More than $5 trillion worth of investment and 5 terawatts of renewables and storage are needed for China to achieve carbon neutrality by 2060, according to consultancy Wood Mackenzie.
The massive investment figure is needed to meet a rise in electrification that will see total power output expand by almost 2.5 times to 18,835TWh, said the research group.
In order to meet its recently-announced carbon-neutral goal and the accompanying electrification needs, Wood Mackenzie claims China will need to increase solar, wind and storage capacities 11 times from current levels to 5,040GW by 2050.
Coal-fired power capacity will also need to decline to half of its current level, while gas will need to match 2019 levels.
“It is definitely a colossal task for a country using 90% hydrocarbons in its energy mix and annually producing more than 10 billion tonnes of CO2, and in addition, accounting for 28% of global total emissions,” Wood Mackenzie Asia Pacific head of markets and transitions, Prakash Sharma, said.
“In our Accelerated Energy Transition (AET-2) scenario, China’s emissions peak immediately and enter a period of rapid decline, reaching net-zero slightly after 2050. This is achieved by widescale electrification of transport, heating and industry as well as deployment of carbon capture use and storage (CCS).”
The use of CCS will also be vital in navigating the social transition that will come with the increase in renewables, with the halving of coal capacity anticipated to result in loss of coal mining jobs, affecting provinces that depend on revenues and employment generation derived from the industry.
“We expect the government to retrofit coal-fired power plants with CCS to retain coal mining activity in key provinces,” Sharma said.
“This approach aligns with China’s strategy to optimise domestic coal resources to improve energy security.”
Transport and industrial hurdles
A major hurdle Wood Mackenzie identifies in China meeting its carbon neutral goal is the lack of scalable low-carbon alternatives in the transport and industrial sectors.
The consultancy firm noted that emissions from those two sectors in China alone totalled 5.7 billion tonnes in 2019, roughly matching the total emissions from the US and UK combined.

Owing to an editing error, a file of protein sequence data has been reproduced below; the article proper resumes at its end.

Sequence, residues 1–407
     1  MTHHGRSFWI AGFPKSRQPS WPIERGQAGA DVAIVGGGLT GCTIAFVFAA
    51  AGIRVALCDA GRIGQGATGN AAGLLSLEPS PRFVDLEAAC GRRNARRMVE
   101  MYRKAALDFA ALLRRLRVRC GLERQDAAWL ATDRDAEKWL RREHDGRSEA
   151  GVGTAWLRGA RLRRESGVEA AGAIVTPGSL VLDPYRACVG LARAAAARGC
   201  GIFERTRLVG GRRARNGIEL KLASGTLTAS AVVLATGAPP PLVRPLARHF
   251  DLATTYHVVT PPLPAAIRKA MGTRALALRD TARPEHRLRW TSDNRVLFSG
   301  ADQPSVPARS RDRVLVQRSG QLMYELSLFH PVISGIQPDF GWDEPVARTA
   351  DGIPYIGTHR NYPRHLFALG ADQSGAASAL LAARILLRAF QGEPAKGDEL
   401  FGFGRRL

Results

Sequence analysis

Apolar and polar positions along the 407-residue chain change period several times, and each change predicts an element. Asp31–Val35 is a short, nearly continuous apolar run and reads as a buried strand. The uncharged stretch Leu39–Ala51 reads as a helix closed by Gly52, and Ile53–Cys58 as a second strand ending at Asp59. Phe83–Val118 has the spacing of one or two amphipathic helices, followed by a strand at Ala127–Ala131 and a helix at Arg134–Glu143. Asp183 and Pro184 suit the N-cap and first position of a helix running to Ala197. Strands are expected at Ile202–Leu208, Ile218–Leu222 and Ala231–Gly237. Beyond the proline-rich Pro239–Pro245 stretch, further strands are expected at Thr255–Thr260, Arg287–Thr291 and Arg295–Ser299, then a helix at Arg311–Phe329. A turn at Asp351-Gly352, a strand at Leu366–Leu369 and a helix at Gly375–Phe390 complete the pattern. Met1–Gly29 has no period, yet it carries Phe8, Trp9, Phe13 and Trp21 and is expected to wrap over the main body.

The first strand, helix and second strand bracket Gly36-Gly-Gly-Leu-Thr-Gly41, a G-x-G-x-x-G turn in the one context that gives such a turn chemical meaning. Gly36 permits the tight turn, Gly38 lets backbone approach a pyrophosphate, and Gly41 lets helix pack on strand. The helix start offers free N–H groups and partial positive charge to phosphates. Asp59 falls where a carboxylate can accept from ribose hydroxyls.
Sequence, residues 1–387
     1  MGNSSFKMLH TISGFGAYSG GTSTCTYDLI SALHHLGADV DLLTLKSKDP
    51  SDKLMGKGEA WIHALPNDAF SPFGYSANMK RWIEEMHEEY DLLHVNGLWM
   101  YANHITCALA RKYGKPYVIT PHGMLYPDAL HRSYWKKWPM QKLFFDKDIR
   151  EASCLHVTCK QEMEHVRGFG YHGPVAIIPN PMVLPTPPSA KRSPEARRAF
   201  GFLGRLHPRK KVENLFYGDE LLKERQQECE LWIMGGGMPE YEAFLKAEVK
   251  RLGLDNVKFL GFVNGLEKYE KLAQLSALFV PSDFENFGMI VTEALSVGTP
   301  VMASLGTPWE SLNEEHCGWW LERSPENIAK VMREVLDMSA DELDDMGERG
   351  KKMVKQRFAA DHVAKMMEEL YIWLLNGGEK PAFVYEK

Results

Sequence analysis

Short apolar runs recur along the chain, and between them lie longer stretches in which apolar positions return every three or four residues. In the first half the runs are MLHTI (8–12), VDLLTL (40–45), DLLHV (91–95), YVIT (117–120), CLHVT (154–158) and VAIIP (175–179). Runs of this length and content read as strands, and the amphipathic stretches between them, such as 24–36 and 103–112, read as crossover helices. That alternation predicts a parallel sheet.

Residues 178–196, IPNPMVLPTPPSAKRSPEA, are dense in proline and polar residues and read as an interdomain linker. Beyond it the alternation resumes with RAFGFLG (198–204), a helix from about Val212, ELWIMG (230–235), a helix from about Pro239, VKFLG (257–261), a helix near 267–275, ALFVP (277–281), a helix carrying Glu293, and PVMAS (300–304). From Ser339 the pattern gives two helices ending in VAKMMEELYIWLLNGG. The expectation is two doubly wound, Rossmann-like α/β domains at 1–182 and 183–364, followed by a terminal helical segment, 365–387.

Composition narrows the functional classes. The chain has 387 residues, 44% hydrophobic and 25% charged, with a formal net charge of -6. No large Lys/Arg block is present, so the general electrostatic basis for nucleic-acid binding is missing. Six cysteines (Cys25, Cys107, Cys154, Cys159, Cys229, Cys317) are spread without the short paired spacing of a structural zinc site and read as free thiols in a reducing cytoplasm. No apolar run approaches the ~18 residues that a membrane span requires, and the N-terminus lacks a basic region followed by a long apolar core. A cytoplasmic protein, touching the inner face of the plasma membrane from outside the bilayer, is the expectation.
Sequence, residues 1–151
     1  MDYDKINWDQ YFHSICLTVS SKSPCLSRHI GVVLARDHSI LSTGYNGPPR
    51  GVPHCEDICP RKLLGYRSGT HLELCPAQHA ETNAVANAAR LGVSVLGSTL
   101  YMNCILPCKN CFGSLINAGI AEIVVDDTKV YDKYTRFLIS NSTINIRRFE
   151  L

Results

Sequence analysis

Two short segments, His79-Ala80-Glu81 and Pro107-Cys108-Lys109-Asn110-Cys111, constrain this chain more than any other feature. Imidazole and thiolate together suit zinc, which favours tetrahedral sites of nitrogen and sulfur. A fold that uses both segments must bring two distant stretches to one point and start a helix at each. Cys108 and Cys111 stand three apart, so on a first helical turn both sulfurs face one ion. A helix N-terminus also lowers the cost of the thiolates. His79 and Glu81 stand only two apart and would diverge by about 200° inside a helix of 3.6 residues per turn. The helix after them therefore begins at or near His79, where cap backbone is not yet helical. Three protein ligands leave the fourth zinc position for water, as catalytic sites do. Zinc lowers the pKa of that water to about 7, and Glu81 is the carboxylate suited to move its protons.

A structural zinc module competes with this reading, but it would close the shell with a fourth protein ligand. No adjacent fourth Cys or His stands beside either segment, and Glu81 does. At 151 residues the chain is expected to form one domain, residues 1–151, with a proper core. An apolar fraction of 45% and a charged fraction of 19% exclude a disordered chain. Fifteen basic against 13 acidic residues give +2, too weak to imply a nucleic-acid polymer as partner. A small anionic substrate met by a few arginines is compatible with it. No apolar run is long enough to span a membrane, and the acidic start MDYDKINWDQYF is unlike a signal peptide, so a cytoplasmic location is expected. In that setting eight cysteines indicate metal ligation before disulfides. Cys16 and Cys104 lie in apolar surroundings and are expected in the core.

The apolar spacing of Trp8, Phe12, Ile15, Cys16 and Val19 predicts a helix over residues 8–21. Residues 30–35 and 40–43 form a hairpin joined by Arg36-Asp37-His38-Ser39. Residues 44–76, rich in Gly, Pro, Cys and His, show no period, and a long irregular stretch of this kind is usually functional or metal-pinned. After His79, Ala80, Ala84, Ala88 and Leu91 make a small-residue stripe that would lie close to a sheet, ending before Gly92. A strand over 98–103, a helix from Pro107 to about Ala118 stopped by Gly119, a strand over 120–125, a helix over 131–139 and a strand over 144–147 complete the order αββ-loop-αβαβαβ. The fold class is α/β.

As a result, it believes the Chinese transport and industrial sectors will need government subsidies and/or carbon pricing to decarbonise, with Wood Mackenzie anticipating China’s carbon price support to reach US$109 per tonne by 2030, under its AE-2 scenario.
The scenario also anticipates China’s road transport being fully electrified, which would see new stock of electric vehicles reach 325 million by 2050, up from just 4 million units currently.
The electrification of transport is also forecast to result in a collapse in oil prices, with China’s demand under Wood Mackenzie’s AE-2 scenario to fall below 7 million barrels per day by 2050, with that demand to largely come from petrochemicals or the export of refined products.
Industries such as steel, cement, refining and chemicals will also require hydrogen and CCS as mainstream fuel and feedstock supply options to tackle emissions, which could see hydrogen production grow five times, to about 150 million tonnes, by 2050.
Wood Mackenzie forecasts China’s increased hydrogen demand will be met by an equal mix of green hydrogen and blue hydrogen.
Sharma added: “Given China’s large heavy industry and machinery sector, it is crucial that China masters the use of CCS and forest sinks to offset the remaining emissions. Without it, China’s pledge to become carbon-neutral is nearly impossible.”
This article first appeared in Upstream